With the books now stored in digital form, to search and replace offensive words is the matter of a few keystrokes. I am, like Steve, of two minds about this, but I think there's a difference between say, Mark Twain's use of the N-word to tell us something about ourselves, and DW's use of it, which just tells us about him.

I assume Steve knows that there is a modernized version of The Devil Rides Out, updated and trimmed of a few thousand words by Alison Sage, in the Hutchinson "Fleshcreeper" series. They were underestimating young readers, who happily pore over 600 pages of Harry Potter...
Last edited by Jim on Sat 4 Jun, 2011 01:14:07, edited 2 times in total.

Steve Whatley
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Post by Steve Whatley » Fri 3 Jun, 2011 18:07:17

Hi Jim, yes, it was the Alison Sage version which made me think of edited versions, and that they should be advertised as such on the front cover, as that one was.

I actually read that version, which was obviously massively abridged, but it was enough years ago for me to have forgotten whether or not I detected any modernisation, though I think it probable that I didn't notice.

Jim, which Gregory Sallust novel was altered after the first edition? I've done most of my DW reading in the Heron edition, so I would like to read the original and see what changes were made.

Thanks, Steve[font=Courier New] [/font]

Jim
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Post by Jim » Fri 3 Jun, 2011 23:21:15

Steve Whatley wrote: Hi Jim, yes, it was the Alison Sage version which made me think of edited versions, and that they should be advertised as such on the front cover, as that one was. I actually read that version, which was obviously massively abridged, but it was enough years ago for me to have forgotten whether or not I detected any modernisation, though I think it probable that I didn't notice.
Actually, Sage eliminates a lot of details that would date the book, but as Simon refers at one point to his work for a computer firm, it is clearly meant to be contemporary (1987). I'm actually more bothered by the completely rewritten ending, which brings our heroes to New York City.
Jim, which Gregory Sallust novel was altered after the first edition? I've done most of my DW reading in the Heron edition, so I would like to read the original and see what changes were made.
I mis-remembered, and have gone back to correct my original posting. In his Anatomy of Horror, Glen St John Barclay says of To the Devil--A Daughter: "Wheatley's description of the various physical assaults made upon the heroine have secured for him the distinction of having published a book in 1964 that is still expurgated in most of its published forms in 1978." He gives no specifics, but he is elsewhere quite detailed about Gregory's rather sadistic nature (and that's probably how I got them mixed), so I am inclined to believe him.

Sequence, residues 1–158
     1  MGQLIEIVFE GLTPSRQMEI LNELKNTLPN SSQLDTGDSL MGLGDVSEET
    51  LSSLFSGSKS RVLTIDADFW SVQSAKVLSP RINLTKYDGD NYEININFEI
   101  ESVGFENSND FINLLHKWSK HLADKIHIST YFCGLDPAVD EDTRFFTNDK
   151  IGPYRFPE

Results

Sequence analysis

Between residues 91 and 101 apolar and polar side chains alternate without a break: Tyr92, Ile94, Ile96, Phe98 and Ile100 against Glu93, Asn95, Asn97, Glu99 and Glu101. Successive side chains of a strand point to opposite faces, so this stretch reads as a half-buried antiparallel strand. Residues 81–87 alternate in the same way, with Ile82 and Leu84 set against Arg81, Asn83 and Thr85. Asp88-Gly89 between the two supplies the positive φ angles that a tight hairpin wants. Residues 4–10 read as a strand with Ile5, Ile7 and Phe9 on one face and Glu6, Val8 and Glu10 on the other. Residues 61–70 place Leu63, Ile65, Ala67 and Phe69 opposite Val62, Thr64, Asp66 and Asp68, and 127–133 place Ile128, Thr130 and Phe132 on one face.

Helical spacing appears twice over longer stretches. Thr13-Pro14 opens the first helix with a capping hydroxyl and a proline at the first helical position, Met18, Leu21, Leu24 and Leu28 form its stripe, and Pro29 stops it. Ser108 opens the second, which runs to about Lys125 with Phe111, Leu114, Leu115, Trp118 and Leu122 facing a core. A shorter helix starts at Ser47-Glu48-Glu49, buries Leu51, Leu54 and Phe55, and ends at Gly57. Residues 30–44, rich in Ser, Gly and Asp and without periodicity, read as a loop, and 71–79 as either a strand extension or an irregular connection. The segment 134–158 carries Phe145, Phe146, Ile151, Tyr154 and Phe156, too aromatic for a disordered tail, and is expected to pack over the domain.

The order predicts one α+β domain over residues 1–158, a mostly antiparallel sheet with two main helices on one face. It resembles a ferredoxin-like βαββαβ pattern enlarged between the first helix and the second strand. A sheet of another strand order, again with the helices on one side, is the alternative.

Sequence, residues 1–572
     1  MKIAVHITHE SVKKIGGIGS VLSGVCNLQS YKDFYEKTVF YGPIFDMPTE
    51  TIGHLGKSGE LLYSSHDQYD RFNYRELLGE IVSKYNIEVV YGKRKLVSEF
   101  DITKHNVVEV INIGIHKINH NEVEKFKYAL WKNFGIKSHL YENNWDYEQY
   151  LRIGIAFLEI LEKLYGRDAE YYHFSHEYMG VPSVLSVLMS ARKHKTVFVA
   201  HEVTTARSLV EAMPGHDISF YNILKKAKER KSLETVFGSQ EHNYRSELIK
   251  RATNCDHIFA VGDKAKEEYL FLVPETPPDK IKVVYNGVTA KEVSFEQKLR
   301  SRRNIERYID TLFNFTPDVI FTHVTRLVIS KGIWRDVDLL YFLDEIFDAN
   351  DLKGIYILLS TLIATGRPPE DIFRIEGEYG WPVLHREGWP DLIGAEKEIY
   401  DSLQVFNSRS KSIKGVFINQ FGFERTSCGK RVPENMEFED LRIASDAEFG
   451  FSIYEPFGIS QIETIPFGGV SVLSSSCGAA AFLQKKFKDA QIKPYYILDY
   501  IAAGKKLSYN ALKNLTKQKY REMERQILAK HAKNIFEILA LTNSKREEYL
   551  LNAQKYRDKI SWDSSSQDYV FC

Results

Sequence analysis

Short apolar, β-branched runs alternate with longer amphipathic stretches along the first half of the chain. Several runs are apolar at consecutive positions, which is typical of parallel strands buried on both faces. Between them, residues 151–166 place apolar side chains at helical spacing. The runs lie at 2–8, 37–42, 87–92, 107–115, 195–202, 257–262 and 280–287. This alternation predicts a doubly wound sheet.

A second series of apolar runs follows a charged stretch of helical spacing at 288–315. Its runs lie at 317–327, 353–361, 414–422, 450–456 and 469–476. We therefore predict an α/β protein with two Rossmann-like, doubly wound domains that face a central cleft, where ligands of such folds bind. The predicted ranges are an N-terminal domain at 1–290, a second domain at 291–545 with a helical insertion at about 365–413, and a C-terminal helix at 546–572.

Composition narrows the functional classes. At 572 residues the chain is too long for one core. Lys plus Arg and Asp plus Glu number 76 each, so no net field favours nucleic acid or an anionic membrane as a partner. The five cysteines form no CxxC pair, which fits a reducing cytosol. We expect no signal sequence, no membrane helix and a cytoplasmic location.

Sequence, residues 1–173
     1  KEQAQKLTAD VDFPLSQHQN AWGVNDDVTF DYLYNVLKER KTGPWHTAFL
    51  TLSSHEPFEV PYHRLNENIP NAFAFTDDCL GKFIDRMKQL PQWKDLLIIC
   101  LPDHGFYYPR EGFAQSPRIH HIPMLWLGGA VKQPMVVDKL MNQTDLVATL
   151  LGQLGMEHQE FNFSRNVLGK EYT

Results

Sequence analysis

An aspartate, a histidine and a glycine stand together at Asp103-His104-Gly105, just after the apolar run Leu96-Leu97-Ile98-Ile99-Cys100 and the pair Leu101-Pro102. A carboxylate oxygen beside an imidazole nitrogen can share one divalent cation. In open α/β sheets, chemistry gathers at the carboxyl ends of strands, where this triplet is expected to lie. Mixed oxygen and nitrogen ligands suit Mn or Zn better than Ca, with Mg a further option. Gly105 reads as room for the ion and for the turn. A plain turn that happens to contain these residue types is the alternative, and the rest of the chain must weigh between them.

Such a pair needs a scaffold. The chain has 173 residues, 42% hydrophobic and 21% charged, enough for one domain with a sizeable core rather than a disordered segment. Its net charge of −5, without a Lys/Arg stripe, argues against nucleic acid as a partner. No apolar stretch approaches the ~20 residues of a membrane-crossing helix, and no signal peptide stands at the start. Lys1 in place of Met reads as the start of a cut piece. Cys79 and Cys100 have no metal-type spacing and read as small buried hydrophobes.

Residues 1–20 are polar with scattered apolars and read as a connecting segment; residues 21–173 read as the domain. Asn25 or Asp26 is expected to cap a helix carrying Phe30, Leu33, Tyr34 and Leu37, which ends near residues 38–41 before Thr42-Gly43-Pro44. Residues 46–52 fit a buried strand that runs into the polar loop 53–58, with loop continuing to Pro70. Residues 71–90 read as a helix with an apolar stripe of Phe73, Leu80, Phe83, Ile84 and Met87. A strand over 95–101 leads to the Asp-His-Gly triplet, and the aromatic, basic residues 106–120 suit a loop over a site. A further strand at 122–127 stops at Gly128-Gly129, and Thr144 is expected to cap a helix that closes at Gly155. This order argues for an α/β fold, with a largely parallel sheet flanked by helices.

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Post by duffellbag » Tue 14 Jun, 2011 15:31:08

forgive me for this question, but for anyone who owns the new DW best of, could you tell me how TALL the book is please?

I try to fit all my DW hardbacks in one shelf and they JUST fit heightwise, Damn if it doesnt ive just got to get it for the great :-) cover, newness and intoduction!!

Charles
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Post by Charles » Tue 14 Jun, 2011 21:32:44

That merits a prize for the most unusual question of the year to date !

The answer - 9 1/2" or 24 cm

Will it fit ???

Best wishes !
Charles

Steve Whatley
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Post by Steve Whatley » Tue 14 Jun, 2011 22:42:56

Yes, it is rather large and unwieldy, isn't it. Another reason (along with my lack of space) to resist buying a copy.

It could be dangerous for me, as I do most of my reading in bed. If I fell asleep with that great weight on my chest, I might never wake up!

The original Hutchinson omnibus editions were good in that they were more or less normal size, and not even terribly thick, as the paper used was much thinner than the usual. I think these should be important considerations when these re-issues are planned.

If they want some ideas for future publications, how about a boxed set of the Roger Brook saga? (Perhaps that should be two six-volume boxes.)

Or a seven-volume boxed set of Gregory Sallust's wartime adventures?[font=Courier New] [/font]